Sep 122018

I’m not sure why I didn’t see the Purge when it came out on 2013. Maybe the trailers made it look like another Killers-With-Bad-Masks movie, which is a sticking point for me that I should discuss some other time. My wife watched it and she liked it and I remember seeing the second Purge movie with her and being entertained. Now that there is a Purge series on USA that I am enjoying, I decided to go give the first movie a try.

The Purge, for those who don’t know, is set in the near-future where a new political party has decided to solve the slow economy, high crime and anything else they can blame by having a special night where all crimes are legal. Police and first response services are suspended so people can murder the hell out of each other. They aren’t allowed to kill government officials, which should be a big tell, but you can go ahead and kill just about anything else.

You know, four years ago, this sounded really silly but now in the era of MAGA and conservatives gleefully justifying locking kids in cages, this feels damn accurate.

The movie centers on a welthy upper-middle class family. There is the dad who sells security systems to the other neighbors and has become quite rich. There is his loving wife, their surly teenage daughter who is mad that they won’t let her date her 18-year old boyfriend and the depressed tween boy who thinks the Purge is creepy and isolates himself by playing with a remote-control robot.

Purge night comes and we see how the media joyfully reports on it, much like they joyfully report almost any great tragedy. We get talking heads who explain the Purge is a healthy thing for letting people blow off steam and we get grim warnings that the country was in such a bad state before the Purge and we can’t ever go back to it.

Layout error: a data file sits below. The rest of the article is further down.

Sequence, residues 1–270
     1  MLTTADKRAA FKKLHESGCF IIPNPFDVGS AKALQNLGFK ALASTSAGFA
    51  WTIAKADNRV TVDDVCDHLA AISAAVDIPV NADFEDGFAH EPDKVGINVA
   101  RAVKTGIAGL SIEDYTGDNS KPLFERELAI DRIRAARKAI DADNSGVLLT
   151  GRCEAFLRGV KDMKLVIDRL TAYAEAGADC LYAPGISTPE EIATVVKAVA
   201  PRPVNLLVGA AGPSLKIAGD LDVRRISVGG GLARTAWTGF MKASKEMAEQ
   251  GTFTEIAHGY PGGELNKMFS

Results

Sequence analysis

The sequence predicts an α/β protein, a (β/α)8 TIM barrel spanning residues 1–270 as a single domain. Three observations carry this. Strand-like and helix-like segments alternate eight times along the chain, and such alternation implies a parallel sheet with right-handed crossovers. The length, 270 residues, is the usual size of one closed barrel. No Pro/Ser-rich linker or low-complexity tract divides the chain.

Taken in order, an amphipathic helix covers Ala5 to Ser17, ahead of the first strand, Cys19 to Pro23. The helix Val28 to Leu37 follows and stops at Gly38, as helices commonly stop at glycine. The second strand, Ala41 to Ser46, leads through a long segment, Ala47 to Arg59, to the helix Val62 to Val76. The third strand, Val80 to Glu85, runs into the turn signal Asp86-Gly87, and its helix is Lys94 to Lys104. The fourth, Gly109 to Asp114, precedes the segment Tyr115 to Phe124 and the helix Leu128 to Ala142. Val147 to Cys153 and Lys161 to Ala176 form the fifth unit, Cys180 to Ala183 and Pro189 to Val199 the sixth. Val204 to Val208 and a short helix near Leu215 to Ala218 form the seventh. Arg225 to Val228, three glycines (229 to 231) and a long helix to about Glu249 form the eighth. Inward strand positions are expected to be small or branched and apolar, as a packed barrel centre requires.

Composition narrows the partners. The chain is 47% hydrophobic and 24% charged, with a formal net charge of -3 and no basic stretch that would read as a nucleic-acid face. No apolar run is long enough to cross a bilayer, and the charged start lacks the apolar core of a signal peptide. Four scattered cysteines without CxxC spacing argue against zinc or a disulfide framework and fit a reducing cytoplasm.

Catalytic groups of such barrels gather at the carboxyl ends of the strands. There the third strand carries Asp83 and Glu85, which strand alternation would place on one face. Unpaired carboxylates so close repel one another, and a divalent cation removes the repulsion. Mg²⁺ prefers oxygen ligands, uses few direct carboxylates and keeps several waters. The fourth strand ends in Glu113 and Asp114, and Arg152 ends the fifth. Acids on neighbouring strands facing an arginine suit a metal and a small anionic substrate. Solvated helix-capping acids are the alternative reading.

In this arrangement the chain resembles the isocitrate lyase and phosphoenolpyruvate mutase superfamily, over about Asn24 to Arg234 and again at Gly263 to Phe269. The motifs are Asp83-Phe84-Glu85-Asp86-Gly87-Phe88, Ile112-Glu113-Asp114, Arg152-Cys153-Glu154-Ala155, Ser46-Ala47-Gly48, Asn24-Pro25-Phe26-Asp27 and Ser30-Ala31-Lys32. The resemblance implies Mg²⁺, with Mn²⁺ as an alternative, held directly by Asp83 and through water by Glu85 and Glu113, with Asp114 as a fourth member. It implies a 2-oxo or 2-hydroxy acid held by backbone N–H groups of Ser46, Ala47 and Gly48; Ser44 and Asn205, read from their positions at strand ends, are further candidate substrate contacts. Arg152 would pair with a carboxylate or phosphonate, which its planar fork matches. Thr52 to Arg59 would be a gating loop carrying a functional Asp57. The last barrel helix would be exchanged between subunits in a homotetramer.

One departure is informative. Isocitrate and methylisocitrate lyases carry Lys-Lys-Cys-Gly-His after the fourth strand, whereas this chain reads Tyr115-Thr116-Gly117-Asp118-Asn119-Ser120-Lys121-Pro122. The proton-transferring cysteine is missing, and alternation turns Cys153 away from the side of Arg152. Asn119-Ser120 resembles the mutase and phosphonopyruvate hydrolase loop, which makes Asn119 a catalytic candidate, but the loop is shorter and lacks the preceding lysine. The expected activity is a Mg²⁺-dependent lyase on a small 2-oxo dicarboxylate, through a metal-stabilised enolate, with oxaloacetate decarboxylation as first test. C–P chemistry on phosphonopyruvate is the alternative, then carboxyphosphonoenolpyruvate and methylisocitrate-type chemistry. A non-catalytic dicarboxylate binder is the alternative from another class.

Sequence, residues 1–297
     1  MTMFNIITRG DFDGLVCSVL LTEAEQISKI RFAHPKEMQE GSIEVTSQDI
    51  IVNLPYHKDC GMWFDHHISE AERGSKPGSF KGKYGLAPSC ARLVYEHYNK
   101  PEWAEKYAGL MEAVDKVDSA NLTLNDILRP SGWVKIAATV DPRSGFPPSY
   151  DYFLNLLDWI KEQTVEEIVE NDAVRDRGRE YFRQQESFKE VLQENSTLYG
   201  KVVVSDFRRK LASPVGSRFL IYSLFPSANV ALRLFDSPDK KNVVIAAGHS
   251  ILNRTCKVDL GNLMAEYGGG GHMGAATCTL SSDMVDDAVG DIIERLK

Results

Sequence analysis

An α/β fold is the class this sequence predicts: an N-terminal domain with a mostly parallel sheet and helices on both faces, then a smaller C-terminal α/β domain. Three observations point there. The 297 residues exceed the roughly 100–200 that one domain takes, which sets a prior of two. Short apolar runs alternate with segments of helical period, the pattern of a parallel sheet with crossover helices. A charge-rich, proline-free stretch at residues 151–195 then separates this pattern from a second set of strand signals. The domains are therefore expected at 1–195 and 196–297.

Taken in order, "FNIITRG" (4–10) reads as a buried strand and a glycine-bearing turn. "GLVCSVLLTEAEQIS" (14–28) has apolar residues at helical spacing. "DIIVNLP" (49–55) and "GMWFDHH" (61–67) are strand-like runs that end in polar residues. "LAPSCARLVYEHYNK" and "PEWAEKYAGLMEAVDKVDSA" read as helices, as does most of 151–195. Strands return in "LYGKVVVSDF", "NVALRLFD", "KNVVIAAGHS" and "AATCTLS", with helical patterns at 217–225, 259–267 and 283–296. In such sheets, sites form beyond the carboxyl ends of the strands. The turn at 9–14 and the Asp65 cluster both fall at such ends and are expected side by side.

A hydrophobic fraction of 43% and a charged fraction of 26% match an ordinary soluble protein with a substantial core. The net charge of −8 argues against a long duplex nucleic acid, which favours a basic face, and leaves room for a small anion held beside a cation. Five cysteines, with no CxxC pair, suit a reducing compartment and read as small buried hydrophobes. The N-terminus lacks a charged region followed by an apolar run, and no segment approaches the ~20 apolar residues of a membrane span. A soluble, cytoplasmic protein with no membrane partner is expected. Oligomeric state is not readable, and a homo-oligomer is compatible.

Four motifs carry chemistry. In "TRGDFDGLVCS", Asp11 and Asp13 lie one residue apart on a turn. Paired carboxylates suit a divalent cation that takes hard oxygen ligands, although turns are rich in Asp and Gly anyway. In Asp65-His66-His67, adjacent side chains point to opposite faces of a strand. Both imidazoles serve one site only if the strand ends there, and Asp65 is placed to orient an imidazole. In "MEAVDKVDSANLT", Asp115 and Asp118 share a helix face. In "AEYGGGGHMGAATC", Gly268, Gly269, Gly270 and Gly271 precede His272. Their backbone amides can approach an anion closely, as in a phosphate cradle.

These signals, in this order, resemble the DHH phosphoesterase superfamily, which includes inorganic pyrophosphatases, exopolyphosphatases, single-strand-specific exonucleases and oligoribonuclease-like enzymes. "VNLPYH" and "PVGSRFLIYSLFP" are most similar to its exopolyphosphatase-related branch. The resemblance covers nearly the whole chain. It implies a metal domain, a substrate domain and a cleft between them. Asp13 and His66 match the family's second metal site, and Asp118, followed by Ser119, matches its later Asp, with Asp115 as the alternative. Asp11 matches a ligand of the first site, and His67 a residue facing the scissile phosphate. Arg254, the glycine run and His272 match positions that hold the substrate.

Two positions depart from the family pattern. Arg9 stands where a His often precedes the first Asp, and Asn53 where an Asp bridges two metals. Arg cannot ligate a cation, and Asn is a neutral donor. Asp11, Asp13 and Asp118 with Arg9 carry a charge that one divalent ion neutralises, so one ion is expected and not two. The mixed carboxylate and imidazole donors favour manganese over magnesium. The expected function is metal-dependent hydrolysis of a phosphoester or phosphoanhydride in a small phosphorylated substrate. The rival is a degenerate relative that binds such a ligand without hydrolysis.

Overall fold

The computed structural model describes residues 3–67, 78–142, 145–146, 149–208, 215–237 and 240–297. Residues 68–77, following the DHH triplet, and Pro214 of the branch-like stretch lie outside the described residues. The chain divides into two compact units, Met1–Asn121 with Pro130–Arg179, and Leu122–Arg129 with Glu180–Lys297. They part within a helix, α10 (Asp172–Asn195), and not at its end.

A black man comes running up the house begging for safety and the parents ignore him. The boy lets him in and a few minutes later, a bunch of killers show up. The killers brag that they are the upper class and killing that homeless guy is their right and damn it, they want their prey back. They are more than willing to kill the family to get to their prey.

Again, this feels really topical. The Purge is just open class warfare. The wealthy can afford protection and weapons and the poor can’t. The killers are the 1% and they wanted to kill some poor people but they will kill some less-rich-than-them as well. Terrible violence is constantly justified and called “American” just like 2nd Amendment nuts always do. We even got good old-fashioned racism with the homeless guy being black.

It is a tight movie and I don’t want to give it away. There are some plot twists but the one I was expecting, that maybe the homeless guy was some sort of bait for a trap, never happens. That is a wise move as if the homeless guy was evil, it would carry the terrible message that the Purge might be right.

Like I said, it is a tight movie with some good action and a family that comes to grip with their own morality. I liked it a lot and I feel like this might be the most American horror movie you could make. We don’t need vampires or zombies, our own society and the people in it as the greatest threat.

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